Report Card: No Child Left Behind

Five years after it was implemented, is the program really helping U.S. schools?

ByABC News via logo
January 8, 2009, 12:15 AM

May 29, 2007 — -- School is about to let out for summer, but on Capitol Hill, debate about it is kicking into full gear.

Five years after it was implemented to help improve America's schools, Congress is wondering whether to continue the controversial No Child Left Behind program.

Under the program, all schools are required to test students every year in reading and math. If students don't meet minimum standards, schools must take action. And substandard schools that don't show enough progress can be penalized in the worst cases, shut down.

Many critics say the program results in empty "teaching to the test." But ABC News spent months on an investigation to see how No Child Left Behind is doing, and found something critics may be surprised to learn in a lot of places, it's working.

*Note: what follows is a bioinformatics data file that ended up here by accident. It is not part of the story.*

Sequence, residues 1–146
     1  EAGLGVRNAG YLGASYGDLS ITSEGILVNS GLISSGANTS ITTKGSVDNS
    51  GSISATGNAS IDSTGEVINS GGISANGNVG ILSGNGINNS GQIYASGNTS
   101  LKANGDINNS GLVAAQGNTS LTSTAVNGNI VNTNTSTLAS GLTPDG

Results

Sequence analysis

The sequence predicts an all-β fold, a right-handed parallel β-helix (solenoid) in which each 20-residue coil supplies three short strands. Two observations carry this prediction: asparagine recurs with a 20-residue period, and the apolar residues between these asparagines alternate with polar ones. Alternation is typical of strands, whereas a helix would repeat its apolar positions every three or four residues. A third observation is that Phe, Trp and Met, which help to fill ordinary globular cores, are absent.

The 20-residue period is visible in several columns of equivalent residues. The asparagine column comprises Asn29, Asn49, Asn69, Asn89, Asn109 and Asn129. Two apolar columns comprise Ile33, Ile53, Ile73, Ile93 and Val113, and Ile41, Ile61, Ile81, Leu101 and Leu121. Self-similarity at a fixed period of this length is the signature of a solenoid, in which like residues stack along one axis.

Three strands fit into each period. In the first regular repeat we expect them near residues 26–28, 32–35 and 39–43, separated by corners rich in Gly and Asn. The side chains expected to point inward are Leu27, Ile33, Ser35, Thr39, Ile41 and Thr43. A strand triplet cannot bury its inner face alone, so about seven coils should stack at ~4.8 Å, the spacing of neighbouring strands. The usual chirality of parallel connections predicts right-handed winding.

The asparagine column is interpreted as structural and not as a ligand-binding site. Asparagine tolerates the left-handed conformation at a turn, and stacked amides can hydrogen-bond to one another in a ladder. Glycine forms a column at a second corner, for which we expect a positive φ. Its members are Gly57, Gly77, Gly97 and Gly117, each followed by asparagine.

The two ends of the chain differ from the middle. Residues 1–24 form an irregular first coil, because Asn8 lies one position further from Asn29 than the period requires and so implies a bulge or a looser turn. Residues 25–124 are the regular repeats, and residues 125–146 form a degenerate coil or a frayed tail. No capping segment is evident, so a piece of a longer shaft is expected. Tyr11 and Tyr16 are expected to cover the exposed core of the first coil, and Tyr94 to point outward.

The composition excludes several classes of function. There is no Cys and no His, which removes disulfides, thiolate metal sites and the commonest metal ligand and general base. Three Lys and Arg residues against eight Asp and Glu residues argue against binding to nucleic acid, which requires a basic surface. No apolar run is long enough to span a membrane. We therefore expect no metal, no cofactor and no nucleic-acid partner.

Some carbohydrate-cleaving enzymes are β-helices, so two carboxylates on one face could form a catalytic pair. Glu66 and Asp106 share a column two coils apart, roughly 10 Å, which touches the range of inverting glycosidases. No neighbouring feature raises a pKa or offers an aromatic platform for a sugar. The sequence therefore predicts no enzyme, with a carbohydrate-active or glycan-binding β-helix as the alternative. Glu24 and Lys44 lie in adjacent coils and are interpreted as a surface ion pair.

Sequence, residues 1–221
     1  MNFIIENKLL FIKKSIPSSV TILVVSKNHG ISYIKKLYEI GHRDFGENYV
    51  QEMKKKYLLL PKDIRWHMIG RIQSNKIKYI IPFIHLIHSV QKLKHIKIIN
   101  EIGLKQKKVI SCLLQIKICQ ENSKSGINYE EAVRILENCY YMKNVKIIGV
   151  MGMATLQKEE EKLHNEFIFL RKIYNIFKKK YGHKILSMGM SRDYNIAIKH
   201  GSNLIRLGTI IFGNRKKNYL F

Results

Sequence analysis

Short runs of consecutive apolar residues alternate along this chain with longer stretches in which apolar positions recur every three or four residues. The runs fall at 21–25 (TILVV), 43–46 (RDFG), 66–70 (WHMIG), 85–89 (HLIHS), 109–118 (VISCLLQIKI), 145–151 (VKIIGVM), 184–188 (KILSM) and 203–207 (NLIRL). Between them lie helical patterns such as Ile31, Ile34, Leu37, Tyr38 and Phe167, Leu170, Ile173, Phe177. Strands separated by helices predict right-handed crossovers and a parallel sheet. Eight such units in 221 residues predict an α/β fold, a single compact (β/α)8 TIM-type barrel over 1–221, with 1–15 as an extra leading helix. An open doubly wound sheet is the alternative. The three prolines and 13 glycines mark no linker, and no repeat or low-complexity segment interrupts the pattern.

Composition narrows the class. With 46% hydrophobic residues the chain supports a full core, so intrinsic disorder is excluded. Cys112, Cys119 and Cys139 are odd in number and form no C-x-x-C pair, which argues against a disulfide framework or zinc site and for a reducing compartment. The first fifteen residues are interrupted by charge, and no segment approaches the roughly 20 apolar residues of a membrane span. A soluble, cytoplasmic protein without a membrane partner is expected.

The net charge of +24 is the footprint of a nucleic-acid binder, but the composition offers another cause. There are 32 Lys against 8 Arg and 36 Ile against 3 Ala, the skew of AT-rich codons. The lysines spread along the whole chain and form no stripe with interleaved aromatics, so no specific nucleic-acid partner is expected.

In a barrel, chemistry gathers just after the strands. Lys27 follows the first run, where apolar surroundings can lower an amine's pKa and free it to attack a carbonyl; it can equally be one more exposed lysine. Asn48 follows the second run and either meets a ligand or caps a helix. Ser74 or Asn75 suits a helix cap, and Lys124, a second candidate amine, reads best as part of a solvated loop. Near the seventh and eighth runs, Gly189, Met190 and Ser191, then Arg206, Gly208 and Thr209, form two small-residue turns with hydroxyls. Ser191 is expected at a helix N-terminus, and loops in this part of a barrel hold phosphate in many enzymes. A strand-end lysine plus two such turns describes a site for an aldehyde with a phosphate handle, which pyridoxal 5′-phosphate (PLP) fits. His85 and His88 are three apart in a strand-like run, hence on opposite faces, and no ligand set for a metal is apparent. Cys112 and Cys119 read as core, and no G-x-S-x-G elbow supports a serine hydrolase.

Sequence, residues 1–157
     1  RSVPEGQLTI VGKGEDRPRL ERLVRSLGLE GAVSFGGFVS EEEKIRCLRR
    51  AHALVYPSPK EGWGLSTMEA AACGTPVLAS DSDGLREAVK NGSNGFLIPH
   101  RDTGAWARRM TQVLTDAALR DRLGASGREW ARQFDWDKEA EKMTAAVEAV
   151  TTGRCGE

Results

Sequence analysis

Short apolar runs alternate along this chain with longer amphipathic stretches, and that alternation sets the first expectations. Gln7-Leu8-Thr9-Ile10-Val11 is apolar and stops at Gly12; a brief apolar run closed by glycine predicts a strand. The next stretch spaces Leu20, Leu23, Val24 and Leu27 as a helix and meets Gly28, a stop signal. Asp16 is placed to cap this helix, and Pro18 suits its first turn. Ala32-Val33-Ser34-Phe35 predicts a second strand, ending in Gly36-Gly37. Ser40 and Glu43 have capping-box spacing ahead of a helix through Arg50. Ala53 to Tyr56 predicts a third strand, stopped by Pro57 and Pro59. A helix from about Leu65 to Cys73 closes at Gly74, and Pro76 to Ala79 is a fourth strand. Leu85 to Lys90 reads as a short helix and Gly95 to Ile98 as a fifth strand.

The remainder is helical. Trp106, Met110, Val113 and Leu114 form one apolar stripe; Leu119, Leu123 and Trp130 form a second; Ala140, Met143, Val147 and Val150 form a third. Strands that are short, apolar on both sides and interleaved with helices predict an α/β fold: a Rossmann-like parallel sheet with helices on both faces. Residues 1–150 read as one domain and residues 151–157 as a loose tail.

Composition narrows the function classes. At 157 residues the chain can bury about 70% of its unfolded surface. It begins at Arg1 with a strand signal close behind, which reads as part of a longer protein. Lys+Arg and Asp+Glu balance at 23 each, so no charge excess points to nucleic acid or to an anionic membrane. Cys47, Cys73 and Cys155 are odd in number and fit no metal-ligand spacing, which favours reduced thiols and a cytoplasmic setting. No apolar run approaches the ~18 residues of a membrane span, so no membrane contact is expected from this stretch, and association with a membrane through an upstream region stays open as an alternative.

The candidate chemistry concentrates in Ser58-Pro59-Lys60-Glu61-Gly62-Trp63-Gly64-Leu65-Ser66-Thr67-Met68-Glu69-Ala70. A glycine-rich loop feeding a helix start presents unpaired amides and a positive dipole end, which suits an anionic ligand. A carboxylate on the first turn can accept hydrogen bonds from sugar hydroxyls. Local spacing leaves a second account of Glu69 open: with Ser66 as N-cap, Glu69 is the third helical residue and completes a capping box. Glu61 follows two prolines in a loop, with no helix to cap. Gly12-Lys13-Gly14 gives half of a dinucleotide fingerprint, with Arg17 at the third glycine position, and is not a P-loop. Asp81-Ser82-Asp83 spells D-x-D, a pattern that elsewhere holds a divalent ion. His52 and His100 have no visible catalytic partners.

The state and national numbers on reading and math show some progress. So on its report card, ABC News gave No Child Left Behind's central element testing students to meet standards an A-.

To be sure, the law has plenty of real problems. The standards themselves got a C. They are inconsistent usually set too low by the individual states, critics say.

Equal money to schools got a D. Most states still spend more of their money on the wealthy schools.

Improving teacher quality earned a C. Teacher standards are rare and talented teachers have no incentive to go to struggling schools.

The handling of special needs and non-English speaking students got a C. Those students are forced to take the same tests, often skewing results.

Rescue plans for failing schools got a D. Right now the plans are a band-aid fix, like extra tutoring.

Many educators welcome the data good or bad.

"It's just caused us to look specifically at every child," said Matthew Devan, principal of Viers Mill Elementary School in Maryland.

Viers Mill, with a substantial population of low-income, non-English speaking Hispanic students, has seized the challenge and turned into a blue-ribbon school.